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Growing and Caring for a Chinese Money Plant – An Essential Guide

chinese money plant on a windowsill

The Chinese money plant, also known as the missionary plant, lefse plant, pancake plant, UFO plant, or pilea peperomioides, is an incredibly popular houseplant known for its coin-shaped leaves and ease of care.

This unique plant is native to southern China where it grows on the forest floor, but it has become a beloved houseplant around the world. With proper growing conditions and care, the Chinese money plant can thrive for many years in any home.

Here is an essential guide to growing and caring for this beautiful plant.

An Introduction to the Chinese Money Plant

The Chinese money plant was relatively unknown to the rest of the world until it was brought to Europe by a Norwegian missionary in the mid-20th century, from where its popularity spread.

Known for its unique appearance, the plant has a rich history intertwined with folklore, symbolizing good fortune and wealth in Chinese culture, which makes it a popular gift among friends and family.

This distinctive plant, with its coin-shaped, glossy green leaves, not only adds a splash of modern elegance to any space but is also believed to bring good luck and prosperity.

a chinese money plant in a white pot

Chinese Money Plant Benefits

Like many houseplants, the Chinese Money Plant is believed to have air-purifying qualities. Although the extent of its air-purifying capabilities may not be as significant as some other species, it can still contribute to improving indoor air quality by absorbing pollutants and producing oxygen.

One of the most attractive features of the Chinese Money Plant is its low-maintenance nature. It doesn’t require frequent watering, extensive feeding, or special lighting conditions, making it an ideal plant for beginners or those with a busy lifestyle who still wish to enjoy the presence of greenery in their living or working space.

In the realm of Feng Shui, the Chinese Money Plant is considered a symbol of good fortune, prosperity, and wealth. Its round leaves, which resemble coins, are thought to attract positive energy related to wealth and abundance, making it a popular choice for those looking to enhance the Feng Shui of their homes or offices.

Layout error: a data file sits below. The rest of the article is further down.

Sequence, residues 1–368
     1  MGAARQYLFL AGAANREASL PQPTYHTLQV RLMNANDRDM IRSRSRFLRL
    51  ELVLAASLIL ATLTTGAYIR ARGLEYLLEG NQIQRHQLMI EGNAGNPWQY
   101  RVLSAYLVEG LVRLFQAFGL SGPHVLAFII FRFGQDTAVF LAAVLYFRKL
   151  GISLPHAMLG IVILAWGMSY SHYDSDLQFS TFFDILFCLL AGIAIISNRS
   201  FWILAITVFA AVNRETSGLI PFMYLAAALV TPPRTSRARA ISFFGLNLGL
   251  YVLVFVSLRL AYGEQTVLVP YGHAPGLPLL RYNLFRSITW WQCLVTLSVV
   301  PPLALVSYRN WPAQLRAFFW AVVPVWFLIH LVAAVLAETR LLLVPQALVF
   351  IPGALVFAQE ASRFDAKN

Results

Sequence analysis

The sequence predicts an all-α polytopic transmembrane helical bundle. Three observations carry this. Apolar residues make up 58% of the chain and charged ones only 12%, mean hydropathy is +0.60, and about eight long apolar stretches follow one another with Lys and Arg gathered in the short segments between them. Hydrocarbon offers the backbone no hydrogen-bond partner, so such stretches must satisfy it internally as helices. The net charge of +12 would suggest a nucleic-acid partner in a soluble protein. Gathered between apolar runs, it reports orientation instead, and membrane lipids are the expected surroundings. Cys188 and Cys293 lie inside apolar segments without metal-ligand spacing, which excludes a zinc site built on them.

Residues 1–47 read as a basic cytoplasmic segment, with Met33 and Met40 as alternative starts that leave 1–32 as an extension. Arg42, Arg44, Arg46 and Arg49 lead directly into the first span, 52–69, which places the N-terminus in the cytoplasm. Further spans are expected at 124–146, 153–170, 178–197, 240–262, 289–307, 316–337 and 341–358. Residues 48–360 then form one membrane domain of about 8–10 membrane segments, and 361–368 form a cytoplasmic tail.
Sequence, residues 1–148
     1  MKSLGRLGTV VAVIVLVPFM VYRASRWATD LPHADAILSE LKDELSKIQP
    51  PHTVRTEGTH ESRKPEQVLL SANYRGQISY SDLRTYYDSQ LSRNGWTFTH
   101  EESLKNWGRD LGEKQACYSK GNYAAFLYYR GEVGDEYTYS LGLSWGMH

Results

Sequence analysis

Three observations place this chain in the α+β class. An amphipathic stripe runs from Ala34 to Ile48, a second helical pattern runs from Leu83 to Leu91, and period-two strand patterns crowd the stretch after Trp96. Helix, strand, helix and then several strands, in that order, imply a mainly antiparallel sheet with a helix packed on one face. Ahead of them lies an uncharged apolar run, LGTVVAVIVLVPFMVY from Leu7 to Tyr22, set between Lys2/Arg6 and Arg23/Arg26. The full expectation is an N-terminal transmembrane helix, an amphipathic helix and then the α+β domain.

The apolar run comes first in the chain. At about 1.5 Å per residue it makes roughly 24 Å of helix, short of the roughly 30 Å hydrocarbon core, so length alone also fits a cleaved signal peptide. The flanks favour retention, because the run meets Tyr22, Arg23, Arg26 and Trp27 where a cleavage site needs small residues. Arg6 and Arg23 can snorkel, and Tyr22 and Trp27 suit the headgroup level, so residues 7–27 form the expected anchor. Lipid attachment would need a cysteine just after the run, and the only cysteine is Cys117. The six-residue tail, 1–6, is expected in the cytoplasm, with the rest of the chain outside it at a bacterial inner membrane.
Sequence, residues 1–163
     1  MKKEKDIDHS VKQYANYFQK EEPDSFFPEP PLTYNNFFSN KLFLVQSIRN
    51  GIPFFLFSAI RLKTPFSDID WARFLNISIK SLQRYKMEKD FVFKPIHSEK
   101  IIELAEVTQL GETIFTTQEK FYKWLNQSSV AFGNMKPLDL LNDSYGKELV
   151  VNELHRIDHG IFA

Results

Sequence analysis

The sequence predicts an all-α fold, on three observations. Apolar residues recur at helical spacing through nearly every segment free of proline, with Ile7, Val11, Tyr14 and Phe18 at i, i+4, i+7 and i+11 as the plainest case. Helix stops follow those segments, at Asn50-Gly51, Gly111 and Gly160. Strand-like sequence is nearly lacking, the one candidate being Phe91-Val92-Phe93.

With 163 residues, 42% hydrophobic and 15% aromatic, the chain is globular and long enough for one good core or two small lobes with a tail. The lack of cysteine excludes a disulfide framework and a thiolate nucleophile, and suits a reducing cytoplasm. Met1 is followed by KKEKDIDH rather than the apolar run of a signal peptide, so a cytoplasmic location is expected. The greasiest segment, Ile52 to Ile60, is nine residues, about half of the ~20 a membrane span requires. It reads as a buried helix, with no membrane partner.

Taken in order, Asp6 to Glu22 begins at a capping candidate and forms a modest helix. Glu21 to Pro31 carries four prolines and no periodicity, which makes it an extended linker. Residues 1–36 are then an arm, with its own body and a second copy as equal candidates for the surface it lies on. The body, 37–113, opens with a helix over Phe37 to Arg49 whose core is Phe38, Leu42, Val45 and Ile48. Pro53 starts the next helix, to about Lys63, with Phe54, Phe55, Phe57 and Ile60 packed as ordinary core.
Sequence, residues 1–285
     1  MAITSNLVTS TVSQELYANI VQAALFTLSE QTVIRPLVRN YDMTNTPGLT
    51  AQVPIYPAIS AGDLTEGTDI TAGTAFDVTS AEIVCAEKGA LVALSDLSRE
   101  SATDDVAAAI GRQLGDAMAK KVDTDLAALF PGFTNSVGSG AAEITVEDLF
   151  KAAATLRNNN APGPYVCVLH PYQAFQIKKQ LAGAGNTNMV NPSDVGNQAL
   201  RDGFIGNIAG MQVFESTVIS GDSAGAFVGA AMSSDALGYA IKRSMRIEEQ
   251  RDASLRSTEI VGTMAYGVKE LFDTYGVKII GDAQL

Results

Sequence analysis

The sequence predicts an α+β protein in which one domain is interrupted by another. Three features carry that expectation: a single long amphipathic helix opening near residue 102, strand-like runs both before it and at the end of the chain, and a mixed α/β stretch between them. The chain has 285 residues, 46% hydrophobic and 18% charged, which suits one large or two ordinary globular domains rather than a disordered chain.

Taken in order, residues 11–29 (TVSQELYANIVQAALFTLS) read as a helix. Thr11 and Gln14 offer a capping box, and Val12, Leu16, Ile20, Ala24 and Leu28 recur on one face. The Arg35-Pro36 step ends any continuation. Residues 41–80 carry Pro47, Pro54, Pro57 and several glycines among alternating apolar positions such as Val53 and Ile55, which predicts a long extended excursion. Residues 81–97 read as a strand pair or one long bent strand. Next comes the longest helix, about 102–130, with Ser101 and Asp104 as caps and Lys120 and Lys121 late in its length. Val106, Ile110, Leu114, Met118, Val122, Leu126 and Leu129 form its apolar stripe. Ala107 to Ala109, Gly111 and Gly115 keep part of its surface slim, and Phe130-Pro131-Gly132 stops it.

Selecting Chinese Money Plants

Start your search at local nurseries and garden centers. These places often have knowledgeable staff who can provide valuable care tips specific to your local climate and environment. Plus, you can personally inspect the plant for its health and quality.

  • Inspect the Leaves: Look for vibrant, green, unblemished leaves. Yellow or brown spots, holes, or significant browning at the edges could indicate poor health or pest issues.
  • Check the Soil and Roots: The soil should be moist but not waterlogged. If possible, check the drainage holes at the bottom of the nursery pot to see if the roots appear healthy and not overly crowded or rotting.
  • Look for Pests: Examine both the top and undersides of the leaves and the stem for signs of pests like aphids or spider mites. Tiny webs, sticky residue, or visible bugs are red flags.
  • Overall Shape: A healthy Chinese Money Plant should have a somewhat symmetrical shape with a good amount of foliage. Sparse or leggy growth might indicate insufficient light or other care issues.

How to Grow a Chinese Money Plant

a chinese money plant

The Chinese money plant thrives in the warm, humid conditions of southern China’s forests. To recreate these conditions at home, there are a few key factors to consider: